Pope begs forgiveness of Canada’s Indigenous peoples for school abuses

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Pope Begs Forgiveness Of Canada’s Indigenous Peoples For School Abuses Pope Begs Forgiveness Of Canada’s Indigenous Peoples For School Abuses
Indigenous leaders at the Vatican, © AP/Press Association Images
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By Nicole Winfield, Associated Press

Pope Francis has made a historic apology to Canada’s Indigenous peoples for the “deplorable” abuses they suffered in Catholic-run residential schools, and said he hoped to visit in late July to deliver the apology in person to survivors of the scandal.

Francis begged forgiveness during an audience with dozens of members of the Metis, Inuit and First Nations communities who went to Rome seeking a papal apology and a commitment from the Catholic Church to repair the damage.

The first pope from the Americas said he hoped to visit Canada around the Feast of St Anna on July 26.


Pope Francis (Andrew Medichini/AP)

More than 150,000 native children in Canada were forced to attend state-funded Christian schools from the 19th century until the 1970s in an effort to isolate them from the influence of their homes and culture.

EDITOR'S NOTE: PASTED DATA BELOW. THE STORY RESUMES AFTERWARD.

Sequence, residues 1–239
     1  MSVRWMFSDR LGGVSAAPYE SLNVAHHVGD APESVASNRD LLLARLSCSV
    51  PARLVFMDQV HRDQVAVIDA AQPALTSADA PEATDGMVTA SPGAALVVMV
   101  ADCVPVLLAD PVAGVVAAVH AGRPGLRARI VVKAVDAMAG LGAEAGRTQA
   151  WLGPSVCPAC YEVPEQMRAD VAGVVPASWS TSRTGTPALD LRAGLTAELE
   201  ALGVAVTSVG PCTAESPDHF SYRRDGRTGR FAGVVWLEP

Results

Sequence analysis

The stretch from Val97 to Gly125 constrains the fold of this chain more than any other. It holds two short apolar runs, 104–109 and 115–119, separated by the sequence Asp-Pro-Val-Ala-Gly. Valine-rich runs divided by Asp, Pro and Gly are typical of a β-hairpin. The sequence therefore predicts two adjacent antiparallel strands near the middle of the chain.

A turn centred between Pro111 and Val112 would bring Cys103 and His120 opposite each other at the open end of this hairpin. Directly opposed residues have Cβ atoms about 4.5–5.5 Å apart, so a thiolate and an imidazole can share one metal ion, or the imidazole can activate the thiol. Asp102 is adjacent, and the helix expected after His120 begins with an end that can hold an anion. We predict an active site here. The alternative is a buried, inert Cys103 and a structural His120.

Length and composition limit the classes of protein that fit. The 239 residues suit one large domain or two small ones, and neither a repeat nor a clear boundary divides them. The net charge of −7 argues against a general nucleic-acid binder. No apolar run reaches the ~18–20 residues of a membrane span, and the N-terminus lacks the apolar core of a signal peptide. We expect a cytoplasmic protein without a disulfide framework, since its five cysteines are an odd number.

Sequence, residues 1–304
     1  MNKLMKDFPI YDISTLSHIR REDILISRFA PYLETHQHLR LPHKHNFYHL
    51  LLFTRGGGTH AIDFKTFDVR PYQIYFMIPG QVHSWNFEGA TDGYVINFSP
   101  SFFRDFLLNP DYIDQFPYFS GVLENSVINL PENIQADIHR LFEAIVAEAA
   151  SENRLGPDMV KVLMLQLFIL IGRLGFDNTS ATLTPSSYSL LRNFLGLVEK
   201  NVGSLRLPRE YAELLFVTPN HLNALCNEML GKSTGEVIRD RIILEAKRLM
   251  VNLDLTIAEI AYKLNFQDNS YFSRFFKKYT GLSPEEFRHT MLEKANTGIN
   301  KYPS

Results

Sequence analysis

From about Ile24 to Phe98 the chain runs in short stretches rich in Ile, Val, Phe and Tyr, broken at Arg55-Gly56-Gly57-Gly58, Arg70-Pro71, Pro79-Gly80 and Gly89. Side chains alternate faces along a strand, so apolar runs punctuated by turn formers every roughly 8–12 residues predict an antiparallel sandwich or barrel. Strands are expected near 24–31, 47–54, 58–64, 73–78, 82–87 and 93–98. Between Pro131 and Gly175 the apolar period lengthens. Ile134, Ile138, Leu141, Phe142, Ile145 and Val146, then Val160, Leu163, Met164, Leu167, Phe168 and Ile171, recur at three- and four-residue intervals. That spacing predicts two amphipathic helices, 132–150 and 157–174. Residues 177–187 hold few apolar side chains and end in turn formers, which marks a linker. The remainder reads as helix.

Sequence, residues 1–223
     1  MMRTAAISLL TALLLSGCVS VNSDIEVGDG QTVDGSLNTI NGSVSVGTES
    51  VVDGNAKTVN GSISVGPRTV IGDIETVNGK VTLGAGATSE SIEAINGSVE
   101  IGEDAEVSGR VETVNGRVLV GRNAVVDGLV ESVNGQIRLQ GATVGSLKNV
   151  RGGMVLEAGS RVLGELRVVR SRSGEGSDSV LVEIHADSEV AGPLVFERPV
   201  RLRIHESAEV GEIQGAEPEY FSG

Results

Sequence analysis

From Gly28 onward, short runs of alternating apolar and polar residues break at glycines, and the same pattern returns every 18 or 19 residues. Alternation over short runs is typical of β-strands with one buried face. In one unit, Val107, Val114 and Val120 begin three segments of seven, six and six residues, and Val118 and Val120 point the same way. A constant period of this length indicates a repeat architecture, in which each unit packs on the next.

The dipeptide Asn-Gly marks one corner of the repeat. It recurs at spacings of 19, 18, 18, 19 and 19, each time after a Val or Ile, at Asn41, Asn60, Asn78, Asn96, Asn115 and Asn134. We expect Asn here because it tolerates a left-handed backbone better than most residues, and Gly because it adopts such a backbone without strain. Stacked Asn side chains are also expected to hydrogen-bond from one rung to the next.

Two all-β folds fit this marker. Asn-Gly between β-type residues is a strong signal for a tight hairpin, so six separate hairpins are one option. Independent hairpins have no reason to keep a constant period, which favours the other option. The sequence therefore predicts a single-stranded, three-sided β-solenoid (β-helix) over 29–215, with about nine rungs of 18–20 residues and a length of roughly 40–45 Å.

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The aim was to Christianise and assimilate them into mainstream society.

The Canadian government has admitted physical and sexual abuse was rampant at the schools, with students beaten for speaking their native languages.

The legacy of that abuse and isolation from family has been cited by Indigenous leaders as a root cause of epidemic rates of alcohol and drug addiction on Canadian reservations.

After hearing their stories all week, Francis told the Indigenous peoples that the colonial project ripped children from their families, cutting off their roots, traditions and culture and provoking inter-generational trauma that is still being felt today.


Members of the Assembly of First Nations perform in St Peter’s Square (Alessandra Tarantino/AP)

He said it was a “counter-witness” to the same Gospel that the residential school system purported to uphold.

“For the deplorable conduct of those members of the Catholic Church, I ask forgiveness of the Lord,” Francis said. “And I want to tell you from my heart, that I am greatly pained. And I unite myself with the Canadian bishops in apologising.”

The trip to Rome by the Indigenous peoples was years in the making but gained momentum last year after the discovery of hundreds of unmarked graves outside some of the residential schools in Canada.

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The three groups of Indigenous met Francis separately over several hours this week, telling him their stories, culminating with Friday’s audience.

The president of the Metis National Council, Cassidy Caron, said the Metis elder sitting next her burst into tears on hearing what she said was a long-overdue apology.


President of the Metis community, Cassidy Caron (Gregorio Borgia/AP)

“The Pope’s words today were historic, to be sure. They were necessary, and I appreciate them deeply,” she told reporters in St Peter’s Square.